Day and Night

Noon.

I had a pleasant time with Gloria this morning. We drove to Springfield again to recycle empties and made an easy $13, which I gave her for my laundry last time. Then we went through the car wash with all the colored lights and loud noises of brushes and jets of water. Finally we read the menu outside of Lupita’s and roved over to Carl’s Jr. for an early lunch. The first thing we did was to trim back my rose bush in the front yard, so now my debris bin is full. It’s funny but we never take the same route to Springfield twice, with the result that I’m totally lost each time we go there. The sister city used to be a mill town long ago, maybe why Eugene feels superior to it. 

I remember doing gigs at a club on Downtown Main Street, where it was okay to smoke as well as drink in the establishment. It was a good place for rock and roll. The guy who introduced me to a band called UK owned a record store in Cottage Grove and came to our gigs. My memory is kind of awash with booze, yet I do recall getting those CDs from the Record Garden in Springfield where John was the owner. That was twenty years ago. It was a different sort of life and I had different friends then. Now I wonder what happened to all of them, and are they okay? Those who dance must pay the fiddler. And sometimes I miss that lifestyle, but mostly not. Also I wonder who’s the real fiddler, or maybe it’s just alcohol and weed, thus the cult of Dionysus still goes on. We know him by a darker name. 

My Brother

Quarter of eight AM.

Cloudy day after cloudy day, but it’s depressing to speculate on the reasons why. A little tune by Jethro Tull comes up: “Living in the Past.” I could use a retrospective for a shot in the arm, something to cheer me up. A revival of some really good music would rejuvenate spirits for most people, but nobody seems up to it. Aesop is borderline howling for his breakfast, and I’m kind of dreading work with Gloria this morning. Basically I’m very tired and don’t want to do anything. Tomorrow morning I have the dentist to see… There are pros and cons to being “in the system.” On one hand you are taken care of, but on the other, you’re less free to make your own decisions. If things were really going my way, then why am I still discontent? Life has become a gilded cage to me. But I guess we’re all just numbers in a big impersonal computer network. John Steinbeck calls society “the monster.” It has nothing to do with real individuals, real human beings. It has assumed an identity of its own, with its own intelligence.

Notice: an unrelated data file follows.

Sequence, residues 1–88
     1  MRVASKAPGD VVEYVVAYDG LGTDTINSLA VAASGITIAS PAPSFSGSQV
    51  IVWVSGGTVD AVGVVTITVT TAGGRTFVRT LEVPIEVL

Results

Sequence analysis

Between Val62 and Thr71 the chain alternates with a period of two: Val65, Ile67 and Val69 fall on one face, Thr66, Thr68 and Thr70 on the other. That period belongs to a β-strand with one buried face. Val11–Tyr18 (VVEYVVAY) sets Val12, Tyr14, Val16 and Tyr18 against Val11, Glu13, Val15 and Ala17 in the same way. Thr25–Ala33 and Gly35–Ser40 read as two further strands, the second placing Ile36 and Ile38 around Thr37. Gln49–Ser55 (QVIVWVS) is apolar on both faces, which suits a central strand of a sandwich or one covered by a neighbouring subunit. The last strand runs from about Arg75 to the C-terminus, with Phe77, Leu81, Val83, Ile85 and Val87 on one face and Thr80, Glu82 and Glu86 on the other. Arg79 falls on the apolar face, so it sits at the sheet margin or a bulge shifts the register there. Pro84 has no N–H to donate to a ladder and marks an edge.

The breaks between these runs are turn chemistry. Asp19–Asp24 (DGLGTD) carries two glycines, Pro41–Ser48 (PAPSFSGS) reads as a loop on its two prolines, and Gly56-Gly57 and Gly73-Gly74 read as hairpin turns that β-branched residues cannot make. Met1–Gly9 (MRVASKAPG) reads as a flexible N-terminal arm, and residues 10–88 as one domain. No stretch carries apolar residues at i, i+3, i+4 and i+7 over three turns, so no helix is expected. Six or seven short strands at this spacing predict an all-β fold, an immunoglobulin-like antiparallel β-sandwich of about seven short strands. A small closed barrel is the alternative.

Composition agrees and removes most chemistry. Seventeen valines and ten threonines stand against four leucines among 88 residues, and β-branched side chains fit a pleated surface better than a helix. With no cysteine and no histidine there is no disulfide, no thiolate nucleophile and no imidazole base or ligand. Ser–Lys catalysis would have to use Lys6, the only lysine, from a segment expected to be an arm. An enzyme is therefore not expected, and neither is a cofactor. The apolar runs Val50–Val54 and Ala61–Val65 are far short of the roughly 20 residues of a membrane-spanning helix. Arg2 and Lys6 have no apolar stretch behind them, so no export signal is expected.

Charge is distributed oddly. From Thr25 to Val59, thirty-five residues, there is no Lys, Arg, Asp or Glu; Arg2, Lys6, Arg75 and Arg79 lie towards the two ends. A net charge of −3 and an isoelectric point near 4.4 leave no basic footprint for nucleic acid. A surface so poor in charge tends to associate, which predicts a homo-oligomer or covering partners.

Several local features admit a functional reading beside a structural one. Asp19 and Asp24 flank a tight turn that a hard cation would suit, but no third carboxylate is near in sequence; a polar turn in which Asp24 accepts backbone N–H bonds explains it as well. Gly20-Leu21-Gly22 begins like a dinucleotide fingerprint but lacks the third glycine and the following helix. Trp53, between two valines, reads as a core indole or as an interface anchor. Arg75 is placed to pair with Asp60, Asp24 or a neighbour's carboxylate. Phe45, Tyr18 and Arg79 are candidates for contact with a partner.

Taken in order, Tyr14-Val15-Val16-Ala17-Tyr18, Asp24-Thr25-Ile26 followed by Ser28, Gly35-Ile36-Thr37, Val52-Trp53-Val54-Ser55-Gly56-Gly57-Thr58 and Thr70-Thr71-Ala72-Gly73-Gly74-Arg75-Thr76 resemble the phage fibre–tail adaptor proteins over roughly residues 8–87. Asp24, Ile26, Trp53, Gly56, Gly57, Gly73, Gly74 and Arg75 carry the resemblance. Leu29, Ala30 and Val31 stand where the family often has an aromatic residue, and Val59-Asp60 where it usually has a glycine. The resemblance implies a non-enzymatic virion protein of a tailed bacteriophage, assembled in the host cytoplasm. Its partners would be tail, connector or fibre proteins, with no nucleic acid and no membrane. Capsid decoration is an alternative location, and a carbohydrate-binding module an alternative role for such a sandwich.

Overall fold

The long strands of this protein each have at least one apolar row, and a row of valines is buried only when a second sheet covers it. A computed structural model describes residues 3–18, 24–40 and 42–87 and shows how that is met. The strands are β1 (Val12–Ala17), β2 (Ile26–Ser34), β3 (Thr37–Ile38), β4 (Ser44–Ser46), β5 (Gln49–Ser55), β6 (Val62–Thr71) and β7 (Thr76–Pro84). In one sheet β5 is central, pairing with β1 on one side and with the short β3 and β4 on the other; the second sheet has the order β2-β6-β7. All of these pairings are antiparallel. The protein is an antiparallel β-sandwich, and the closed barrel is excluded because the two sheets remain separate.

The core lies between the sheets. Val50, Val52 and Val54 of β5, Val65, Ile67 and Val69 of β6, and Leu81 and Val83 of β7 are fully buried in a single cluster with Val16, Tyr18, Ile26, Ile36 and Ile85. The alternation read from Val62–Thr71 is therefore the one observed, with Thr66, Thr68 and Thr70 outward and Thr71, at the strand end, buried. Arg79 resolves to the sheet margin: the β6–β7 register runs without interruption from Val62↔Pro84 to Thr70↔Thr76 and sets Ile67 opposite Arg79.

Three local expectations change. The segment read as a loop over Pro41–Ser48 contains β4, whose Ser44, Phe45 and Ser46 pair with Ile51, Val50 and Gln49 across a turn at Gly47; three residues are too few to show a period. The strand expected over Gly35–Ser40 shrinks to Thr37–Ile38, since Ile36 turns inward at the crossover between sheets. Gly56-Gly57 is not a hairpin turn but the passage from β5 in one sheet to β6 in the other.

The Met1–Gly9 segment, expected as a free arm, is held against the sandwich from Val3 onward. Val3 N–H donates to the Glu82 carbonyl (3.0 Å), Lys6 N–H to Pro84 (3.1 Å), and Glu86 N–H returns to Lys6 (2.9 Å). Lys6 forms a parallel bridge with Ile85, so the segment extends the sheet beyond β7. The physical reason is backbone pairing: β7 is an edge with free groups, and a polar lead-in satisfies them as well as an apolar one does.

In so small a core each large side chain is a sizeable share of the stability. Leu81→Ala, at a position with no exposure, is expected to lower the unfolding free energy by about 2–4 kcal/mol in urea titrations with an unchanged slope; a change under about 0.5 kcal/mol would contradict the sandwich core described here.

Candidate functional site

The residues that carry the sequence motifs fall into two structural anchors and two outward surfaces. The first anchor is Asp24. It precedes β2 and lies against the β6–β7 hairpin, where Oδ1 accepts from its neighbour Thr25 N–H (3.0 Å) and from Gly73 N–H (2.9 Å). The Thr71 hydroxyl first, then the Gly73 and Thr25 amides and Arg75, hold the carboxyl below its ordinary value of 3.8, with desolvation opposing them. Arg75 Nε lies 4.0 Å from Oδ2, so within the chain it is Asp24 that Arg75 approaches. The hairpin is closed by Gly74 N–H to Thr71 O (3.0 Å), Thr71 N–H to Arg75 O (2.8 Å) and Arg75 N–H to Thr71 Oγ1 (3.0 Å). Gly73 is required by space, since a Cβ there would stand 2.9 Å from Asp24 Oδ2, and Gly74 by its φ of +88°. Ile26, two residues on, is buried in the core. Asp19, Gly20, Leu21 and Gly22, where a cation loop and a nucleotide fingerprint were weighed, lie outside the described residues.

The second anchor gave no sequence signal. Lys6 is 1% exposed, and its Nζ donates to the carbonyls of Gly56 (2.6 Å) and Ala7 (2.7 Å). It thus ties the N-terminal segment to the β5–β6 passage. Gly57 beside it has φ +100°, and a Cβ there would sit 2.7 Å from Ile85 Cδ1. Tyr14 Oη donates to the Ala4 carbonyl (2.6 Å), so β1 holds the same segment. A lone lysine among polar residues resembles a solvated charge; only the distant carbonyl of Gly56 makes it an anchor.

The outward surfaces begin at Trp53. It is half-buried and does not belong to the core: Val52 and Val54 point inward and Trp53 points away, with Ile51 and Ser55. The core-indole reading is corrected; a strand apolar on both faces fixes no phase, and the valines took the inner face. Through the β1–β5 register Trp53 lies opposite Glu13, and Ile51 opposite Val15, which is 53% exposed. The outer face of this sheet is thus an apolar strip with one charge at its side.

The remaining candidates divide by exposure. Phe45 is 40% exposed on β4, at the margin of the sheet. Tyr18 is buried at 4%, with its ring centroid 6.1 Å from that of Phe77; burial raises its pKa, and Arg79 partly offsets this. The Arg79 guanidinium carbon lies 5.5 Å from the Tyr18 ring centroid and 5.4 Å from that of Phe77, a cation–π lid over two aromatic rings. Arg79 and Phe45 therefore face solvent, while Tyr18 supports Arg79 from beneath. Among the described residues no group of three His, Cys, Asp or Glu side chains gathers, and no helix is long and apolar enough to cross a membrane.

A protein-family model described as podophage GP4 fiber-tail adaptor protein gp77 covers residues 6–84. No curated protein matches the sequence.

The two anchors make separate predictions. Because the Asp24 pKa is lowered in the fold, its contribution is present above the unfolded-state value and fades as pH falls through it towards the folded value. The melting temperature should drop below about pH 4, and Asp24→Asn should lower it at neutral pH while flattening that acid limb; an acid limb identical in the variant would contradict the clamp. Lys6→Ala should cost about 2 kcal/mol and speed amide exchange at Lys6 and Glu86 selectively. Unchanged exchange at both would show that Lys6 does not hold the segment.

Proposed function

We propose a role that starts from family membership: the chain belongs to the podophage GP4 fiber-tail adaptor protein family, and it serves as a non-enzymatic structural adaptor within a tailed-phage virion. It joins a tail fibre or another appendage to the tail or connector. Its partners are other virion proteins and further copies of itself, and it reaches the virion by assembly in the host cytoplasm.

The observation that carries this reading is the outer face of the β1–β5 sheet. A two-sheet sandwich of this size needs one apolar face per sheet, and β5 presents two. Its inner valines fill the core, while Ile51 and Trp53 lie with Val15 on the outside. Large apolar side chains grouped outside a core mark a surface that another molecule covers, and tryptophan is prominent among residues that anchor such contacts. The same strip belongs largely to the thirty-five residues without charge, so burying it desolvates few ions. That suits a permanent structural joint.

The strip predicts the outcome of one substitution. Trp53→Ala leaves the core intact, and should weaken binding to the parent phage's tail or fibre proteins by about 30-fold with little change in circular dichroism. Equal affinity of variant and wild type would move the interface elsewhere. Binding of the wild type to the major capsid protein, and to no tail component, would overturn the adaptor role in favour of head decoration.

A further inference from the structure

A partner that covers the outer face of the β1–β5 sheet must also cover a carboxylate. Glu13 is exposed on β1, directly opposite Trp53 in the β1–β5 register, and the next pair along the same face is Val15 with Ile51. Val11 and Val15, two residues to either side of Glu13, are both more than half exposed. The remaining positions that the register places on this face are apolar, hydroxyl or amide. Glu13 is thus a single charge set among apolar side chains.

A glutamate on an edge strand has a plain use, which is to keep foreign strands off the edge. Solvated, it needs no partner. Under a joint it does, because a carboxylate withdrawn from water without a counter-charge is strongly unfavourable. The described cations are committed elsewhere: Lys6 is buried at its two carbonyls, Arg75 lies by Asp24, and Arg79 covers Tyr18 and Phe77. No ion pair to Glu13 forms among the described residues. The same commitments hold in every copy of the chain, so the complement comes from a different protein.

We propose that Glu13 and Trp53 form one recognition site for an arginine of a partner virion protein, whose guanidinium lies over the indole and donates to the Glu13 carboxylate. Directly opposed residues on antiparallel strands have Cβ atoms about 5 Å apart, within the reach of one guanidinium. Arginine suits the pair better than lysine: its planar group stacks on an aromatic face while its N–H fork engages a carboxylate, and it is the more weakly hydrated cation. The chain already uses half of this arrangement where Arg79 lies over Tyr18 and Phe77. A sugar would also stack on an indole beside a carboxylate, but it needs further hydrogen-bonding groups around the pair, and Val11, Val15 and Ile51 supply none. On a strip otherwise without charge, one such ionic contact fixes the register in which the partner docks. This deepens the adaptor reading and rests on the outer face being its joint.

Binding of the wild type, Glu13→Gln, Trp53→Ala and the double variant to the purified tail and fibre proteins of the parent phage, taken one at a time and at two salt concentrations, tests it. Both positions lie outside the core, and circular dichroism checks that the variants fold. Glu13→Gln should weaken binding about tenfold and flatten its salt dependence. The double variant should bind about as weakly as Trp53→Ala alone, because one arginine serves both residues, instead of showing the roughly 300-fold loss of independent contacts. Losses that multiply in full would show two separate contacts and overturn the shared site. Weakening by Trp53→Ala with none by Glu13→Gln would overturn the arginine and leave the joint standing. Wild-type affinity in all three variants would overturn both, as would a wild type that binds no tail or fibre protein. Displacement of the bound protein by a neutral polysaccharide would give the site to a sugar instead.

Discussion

My brother is a free spirit with a naturalist impulse. I can imagine him vanish in the remote woods with an Igloo full of beer and a fishing pole, perhaps to build himself a log cabin like Thoreau, incommunicado to the world. And maybe he has the right idea.

What the World Needs Now

Eleven twenty at night.

I don’t like to consider the money aspect of things like some guys do. Indeed, the cynicism about the oligarchy etc is very trendy today. We are not what we are by virtue of our bank accounts or our sources of income. It’s a fallacy to say money makes the world go round when what really does it is love. Somebody in a high place set a bad example for everyone by replacing the ❤️ with the💲. Every situation is slow to change, particularly public opinion, but I thought I’d help it along as I can. Try dusting off the old Beatles collection and play “Money Can’t Buy Me Love.” John Lennon said, paraphrased, “You in the cheap seats clap your hands, and you in the balcony just rattle your jewelry…” Maybe that’s a bit cynical too, though his intentions were good. There’s an episode in Ulysses that refers to the “foot and mouth disease,” which infects most people from time to time. More important is the recurring theme of “metempsychosis” that brings everybody together, regardless even of race or ethnicity.

“He proves by algebra that Hamlet’s grandson is Shakespeare’s grandfather and that he himself is the ghost of his own father.”

While it sounds like nonsense, Joyce pulls off something like this with his book. The question is whether we really treat each other like family.

Strong Dreams

Six o five in the morning.